Thinking fast and slow book
Thinking, Fast and Slow by Daniel Kahneman, Paperback | Barnes & Noble®In the international bestseller, Thinking, Fast and Slow , Daniel Kahneman, the renowned psychologist and winner of the Nobel Prize in Economics, takes us on a groundbreaking tour of the mind and explains the two systems that drive the way we think. System 1 is fast, intuitive, and emotional; System 2 is slower, more deliberative, and more logical. The impact of overconfidence on corporate strategies, the difficulties of predicting what will make us happy in the future, the profound effect of cognitive biases on everything from playing the stock market to planning our next vacation—each of these can be understood only by knowing how the two systems shape our judgments and decisions. Engaging the reader in a lively conversation about how we think, Kahneman reveals where we can and cannot trust our intuitions and how we can tap into the benefits of slow thinking. He offers practical and enlightening insights into how choices are made in both our business and our personal lives—a… More…. He offers practical and enlightening insights into how choices are made in both our business and our personal lives—and how we can use different techniques to guard against the mental glitches that often get us into trouble. Every author, I suppose, has in mind a setting in which readers of his or her work could benefit from having read it.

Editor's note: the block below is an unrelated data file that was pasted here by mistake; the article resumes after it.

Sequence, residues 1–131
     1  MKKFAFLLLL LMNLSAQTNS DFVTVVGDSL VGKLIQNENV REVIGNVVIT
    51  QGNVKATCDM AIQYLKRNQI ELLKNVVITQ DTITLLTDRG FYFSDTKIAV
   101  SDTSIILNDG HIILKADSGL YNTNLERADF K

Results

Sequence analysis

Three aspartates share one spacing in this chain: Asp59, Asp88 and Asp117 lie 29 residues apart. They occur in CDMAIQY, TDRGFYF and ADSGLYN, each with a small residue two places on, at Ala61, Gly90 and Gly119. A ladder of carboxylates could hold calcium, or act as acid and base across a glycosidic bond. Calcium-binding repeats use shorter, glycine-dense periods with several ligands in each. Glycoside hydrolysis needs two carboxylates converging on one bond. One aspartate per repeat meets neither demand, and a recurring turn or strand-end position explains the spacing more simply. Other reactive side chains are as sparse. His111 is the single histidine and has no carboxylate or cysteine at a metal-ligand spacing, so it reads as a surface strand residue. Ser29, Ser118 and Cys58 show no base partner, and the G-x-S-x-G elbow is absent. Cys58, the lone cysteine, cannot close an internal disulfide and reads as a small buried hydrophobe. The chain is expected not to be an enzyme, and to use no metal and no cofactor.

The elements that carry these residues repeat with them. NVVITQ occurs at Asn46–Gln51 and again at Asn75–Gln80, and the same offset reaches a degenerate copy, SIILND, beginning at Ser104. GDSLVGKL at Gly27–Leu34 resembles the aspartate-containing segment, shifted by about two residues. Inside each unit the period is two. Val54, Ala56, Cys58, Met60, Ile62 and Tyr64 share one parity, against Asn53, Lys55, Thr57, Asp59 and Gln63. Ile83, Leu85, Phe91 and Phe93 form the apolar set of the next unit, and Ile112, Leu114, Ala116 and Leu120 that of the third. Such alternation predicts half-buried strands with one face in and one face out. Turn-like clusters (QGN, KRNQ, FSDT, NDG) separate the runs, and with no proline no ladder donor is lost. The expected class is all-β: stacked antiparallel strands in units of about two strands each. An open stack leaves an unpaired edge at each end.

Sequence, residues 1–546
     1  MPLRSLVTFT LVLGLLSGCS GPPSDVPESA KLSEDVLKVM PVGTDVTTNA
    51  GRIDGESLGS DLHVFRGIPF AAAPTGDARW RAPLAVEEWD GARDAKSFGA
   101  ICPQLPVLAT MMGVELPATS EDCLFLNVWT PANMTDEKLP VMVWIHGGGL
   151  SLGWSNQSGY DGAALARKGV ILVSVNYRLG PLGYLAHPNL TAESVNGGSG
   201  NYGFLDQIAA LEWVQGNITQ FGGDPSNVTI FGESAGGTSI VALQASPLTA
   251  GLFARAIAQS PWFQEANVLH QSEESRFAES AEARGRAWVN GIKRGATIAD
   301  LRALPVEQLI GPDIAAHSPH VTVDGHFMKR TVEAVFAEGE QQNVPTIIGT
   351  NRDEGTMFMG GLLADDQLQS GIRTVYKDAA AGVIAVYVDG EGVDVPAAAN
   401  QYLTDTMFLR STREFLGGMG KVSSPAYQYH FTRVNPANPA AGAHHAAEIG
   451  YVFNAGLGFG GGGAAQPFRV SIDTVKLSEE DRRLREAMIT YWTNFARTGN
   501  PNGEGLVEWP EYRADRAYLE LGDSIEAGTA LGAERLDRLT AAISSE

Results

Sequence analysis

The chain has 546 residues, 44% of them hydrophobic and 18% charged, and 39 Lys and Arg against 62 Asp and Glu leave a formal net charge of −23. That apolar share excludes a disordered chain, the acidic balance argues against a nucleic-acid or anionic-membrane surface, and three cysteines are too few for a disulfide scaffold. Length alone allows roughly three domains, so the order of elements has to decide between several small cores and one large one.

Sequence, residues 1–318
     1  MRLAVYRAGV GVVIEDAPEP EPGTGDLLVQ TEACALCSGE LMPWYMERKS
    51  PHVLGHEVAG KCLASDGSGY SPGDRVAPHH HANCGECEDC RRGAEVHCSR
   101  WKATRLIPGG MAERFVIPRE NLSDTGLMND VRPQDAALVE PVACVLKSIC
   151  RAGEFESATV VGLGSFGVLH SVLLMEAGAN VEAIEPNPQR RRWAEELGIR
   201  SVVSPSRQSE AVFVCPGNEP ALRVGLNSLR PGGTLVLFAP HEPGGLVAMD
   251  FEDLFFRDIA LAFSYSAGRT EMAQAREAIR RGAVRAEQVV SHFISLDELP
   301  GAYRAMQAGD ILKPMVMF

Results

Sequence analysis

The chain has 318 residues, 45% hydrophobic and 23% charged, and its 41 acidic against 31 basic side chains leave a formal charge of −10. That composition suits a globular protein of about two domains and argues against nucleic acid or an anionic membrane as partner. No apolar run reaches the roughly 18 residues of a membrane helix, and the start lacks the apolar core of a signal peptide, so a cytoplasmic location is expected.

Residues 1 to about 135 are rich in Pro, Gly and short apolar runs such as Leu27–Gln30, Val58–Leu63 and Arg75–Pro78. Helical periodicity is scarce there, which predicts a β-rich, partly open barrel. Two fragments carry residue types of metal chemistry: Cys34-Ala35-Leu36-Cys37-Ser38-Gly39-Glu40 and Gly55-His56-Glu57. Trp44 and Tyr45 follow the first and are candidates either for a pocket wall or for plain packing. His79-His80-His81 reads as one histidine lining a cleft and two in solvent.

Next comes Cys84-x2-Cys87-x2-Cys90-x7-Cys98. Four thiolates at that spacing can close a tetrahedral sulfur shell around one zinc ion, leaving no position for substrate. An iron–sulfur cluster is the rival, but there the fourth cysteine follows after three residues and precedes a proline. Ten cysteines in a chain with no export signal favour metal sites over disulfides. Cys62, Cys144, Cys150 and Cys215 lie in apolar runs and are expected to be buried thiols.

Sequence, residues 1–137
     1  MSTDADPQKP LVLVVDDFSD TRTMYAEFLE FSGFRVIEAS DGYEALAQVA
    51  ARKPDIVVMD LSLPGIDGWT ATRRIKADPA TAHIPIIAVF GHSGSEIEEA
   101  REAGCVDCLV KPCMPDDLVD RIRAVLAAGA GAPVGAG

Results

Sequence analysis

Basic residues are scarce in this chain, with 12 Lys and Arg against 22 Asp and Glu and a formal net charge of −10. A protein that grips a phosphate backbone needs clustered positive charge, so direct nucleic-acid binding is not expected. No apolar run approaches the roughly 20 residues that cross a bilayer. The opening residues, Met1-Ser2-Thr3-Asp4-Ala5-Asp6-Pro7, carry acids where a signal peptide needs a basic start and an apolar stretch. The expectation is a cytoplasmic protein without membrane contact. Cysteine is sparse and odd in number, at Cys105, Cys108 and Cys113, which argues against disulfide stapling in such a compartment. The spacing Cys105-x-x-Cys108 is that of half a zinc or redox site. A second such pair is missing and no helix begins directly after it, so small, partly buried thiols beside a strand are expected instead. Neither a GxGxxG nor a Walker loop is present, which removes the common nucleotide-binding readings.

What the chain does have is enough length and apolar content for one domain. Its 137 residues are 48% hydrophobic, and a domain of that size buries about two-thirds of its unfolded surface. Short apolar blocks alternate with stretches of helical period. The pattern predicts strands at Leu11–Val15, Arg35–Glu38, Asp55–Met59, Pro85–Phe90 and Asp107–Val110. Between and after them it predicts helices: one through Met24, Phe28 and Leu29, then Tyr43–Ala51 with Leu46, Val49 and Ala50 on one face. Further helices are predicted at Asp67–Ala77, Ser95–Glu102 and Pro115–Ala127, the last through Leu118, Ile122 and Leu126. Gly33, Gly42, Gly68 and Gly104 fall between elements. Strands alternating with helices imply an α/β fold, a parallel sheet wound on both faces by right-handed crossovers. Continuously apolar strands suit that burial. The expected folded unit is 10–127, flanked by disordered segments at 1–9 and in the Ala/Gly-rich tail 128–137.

Thinking, Fast and Slow
It was the winner of the National Academies Communication Award for best creative work that helps the public understanding of topics in behavioral science , engineering and medicine. The book summarizes research that Kahneman conducted over decades, often in collaboration with Amos Tversky. The central thesis is a dichotomy between two modes of thought : "System 1" is fast, instinctive and emotional ; "System 2" is slower, more deliberative , and more logical. The book delineates cognitive biases associated with each type of thinking, starting with Kahneman's own research on loss aversion. From framing choices to people's tendency to replace a difficult question with one which is easy to answer, the book highlights several decades of academic research to suggest that people place too much confidence in human judgement.
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